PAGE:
By Mark Maurer
Starbucks Corp. has agreed to provide additional disclosures on how it recognizes revenue after the U.S. Securities and Exchange Commission questioned some of its accounting practices.
The Seattle-based coffee chain is one of many U.S. companies adjusting to new accounting guidelines that came into effect at the start of last year for most public companies. The new rules aim to standardize how companies from different industries account for revenue from sales and services.
At least 208 companies received letters from the SEC about their revenue-recognition practices in 2018, according to regulatory filings and data compiled by consulting firm Audit Analytics Inc. That's up about 56% over the annual average during the previous two years. As of the end of June, 50 companies had received letters on the subject, down slightly from 53 during that period a year earlier.
"When there are issues around revenue recognition, the SEC takes it very seriously because it's an area that management can manipulate," said Derryck Coleman, research manager at Audit Analytics.
Representatives for the SEC declined to comment.
The SEC regularly sends comment letters to companies with questions about disclosures made in securities filings. The letters usually focus on accounting practices and can result in additional disclosures in future filings, revisions to previously filed disclosures or a simple response with extra details that help the SEC better understand a disclosure.
The SEC, in letters sent between May and August as a part of a routine review, questioned Starbucks management's approach to recognizing revenue in its quarterly earnings filing ended March 31. The regulator sought clarification on Starbucks' revenue-recognition policy. One question from the SEC was why the company believed it was appropriate to recognize pre-opening services, such as reviewing architectural plans and training employees, upon completion of the services. The regulator also asked Starbucks to explain the way it recognized Nestlé SA's $7 billion upfront payment in 2018 for the rights to sell Starbucks products.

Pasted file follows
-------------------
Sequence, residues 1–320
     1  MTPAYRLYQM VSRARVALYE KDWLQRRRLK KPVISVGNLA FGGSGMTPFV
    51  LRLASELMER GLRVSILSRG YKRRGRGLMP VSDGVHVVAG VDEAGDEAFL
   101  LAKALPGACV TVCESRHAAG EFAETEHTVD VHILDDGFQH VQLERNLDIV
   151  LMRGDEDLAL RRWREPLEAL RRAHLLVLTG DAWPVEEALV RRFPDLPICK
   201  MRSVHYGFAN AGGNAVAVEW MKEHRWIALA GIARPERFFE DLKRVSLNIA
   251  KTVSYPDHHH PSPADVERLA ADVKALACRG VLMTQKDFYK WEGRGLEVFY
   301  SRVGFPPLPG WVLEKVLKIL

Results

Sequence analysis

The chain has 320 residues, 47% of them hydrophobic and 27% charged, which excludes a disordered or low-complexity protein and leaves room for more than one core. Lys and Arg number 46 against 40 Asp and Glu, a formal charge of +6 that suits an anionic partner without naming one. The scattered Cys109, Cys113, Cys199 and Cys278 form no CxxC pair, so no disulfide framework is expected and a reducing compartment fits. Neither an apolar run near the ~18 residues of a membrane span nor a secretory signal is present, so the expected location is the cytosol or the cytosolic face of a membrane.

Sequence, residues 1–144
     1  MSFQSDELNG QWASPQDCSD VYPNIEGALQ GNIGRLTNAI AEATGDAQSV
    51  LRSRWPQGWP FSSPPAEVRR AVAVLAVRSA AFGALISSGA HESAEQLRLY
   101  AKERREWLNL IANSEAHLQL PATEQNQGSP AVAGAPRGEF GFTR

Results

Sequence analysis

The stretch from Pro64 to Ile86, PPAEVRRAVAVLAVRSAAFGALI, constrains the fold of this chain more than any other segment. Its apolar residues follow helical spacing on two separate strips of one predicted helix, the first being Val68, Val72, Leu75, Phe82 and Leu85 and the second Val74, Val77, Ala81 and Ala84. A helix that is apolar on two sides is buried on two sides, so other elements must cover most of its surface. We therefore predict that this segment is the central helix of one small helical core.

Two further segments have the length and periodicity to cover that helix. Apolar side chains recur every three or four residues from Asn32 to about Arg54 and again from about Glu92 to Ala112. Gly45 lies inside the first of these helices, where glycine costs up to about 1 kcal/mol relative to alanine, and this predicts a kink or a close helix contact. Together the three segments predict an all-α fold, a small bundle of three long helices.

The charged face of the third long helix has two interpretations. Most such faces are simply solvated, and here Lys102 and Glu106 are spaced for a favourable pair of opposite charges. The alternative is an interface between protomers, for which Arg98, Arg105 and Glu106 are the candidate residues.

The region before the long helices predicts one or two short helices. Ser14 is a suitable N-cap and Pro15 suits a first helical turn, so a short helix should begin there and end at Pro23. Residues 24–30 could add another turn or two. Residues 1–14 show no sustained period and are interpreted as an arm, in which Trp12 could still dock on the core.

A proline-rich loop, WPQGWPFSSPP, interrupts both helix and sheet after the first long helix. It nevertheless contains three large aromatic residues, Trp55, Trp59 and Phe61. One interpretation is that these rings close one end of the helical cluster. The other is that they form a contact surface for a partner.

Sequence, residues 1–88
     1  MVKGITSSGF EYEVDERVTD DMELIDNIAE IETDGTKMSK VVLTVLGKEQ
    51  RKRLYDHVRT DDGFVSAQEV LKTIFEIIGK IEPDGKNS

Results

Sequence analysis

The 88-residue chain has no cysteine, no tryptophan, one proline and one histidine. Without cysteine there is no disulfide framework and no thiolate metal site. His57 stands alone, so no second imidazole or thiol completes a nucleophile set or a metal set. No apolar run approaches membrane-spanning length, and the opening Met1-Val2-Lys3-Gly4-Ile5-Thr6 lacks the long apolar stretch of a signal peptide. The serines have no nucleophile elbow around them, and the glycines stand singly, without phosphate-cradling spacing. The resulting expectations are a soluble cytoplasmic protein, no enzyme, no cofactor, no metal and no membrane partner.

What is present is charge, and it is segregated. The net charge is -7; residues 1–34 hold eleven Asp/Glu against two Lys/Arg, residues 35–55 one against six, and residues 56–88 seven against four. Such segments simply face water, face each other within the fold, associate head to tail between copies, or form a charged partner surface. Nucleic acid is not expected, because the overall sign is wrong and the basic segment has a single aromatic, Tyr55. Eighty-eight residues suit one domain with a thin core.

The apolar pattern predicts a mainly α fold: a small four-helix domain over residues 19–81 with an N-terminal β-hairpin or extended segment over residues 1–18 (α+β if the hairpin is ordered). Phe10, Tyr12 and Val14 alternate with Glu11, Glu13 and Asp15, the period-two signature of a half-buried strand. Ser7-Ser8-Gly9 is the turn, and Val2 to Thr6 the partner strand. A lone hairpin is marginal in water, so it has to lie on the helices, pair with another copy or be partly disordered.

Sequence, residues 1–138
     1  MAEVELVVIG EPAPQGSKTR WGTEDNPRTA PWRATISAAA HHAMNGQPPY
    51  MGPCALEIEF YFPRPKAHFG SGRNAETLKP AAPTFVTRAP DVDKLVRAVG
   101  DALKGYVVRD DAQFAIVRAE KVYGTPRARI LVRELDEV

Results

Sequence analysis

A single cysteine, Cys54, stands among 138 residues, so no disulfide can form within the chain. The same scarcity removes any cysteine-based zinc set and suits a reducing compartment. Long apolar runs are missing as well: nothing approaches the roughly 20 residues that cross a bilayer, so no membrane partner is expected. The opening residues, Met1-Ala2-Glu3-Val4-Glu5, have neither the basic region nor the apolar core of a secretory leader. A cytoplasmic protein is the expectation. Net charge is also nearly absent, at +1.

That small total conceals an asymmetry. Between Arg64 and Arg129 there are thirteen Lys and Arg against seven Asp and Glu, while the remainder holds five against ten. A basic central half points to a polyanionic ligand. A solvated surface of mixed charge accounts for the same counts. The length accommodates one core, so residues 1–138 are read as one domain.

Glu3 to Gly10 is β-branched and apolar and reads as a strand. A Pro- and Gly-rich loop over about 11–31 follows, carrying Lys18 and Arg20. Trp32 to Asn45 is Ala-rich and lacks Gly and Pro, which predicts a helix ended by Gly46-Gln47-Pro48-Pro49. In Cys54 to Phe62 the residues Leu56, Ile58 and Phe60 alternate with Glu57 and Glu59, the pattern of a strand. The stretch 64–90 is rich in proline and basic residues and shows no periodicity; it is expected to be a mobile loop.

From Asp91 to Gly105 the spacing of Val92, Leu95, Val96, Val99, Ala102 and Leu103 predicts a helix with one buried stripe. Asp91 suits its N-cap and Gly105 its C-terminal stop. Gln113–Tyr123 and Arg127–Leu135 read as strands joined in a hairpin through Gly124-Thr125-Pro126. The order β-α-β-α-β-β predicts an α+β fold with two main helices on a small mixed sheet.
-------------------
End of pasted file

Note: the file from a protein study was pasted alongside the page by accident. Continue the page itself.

A change in accounting for gift cards also made it harder for the SEC to discern the amount of deferred revenue allocated to the Nestlé deal.
"Starbucks' historic disclosure wasn't robust enough to relay the info that investors need to assess where the revenues are coming from," Mr. Coleman said.
Starbucks' responses on its approach led the regulator to ask the company to make additional disclosures in its forthcoming annual report for the fiscal year ended Sept. 29, which the company usually releases in November.
Starbucks, in a response to the SEC, said it would expand its disclosures to clarify the new revenue-recognition standard's impact on financial line items, including its income from breakage, which refers to gift-card balances that a company can claim once they think they're unlikely to be redeemed.
The back-and-forth between a company and the SEC stops once the regulator deems the matter resolved. The SEC judged the Starbucks matter resolved Aug. 8, according to a letter the regulator sent to the company. The letters are typically made public about 20 days after a matter is resolved.
"The SEC has made similar inquiries to companies across different industries, including the retail and quick-service restaurant sector," a Starbucks spokesman said, adding, "We do not expect further SEC dialogue on this matter."
The accounting shift in gift-card breakage inflated the year-over-year increase in gross margins at Starbucks' Americas division, a Cowen Inc. research report said in April. Cowen analysts wrote their "excitement has been tempered" from Starbucks' disclosure on what was driving the increase.
The SEC last wrote to Starbucks in 2015, seeking clarity on how it accounted for gift cards and loyalty points redeemed at licensed stores, records show.
The company's finance chief, Patrick Grismer, offered a weak outlook to shareholders last week for next fiscal year's earnings, warning that profit growth will slow in fiscal 2020 due to the loss of tax-related gains that won't be repeated.
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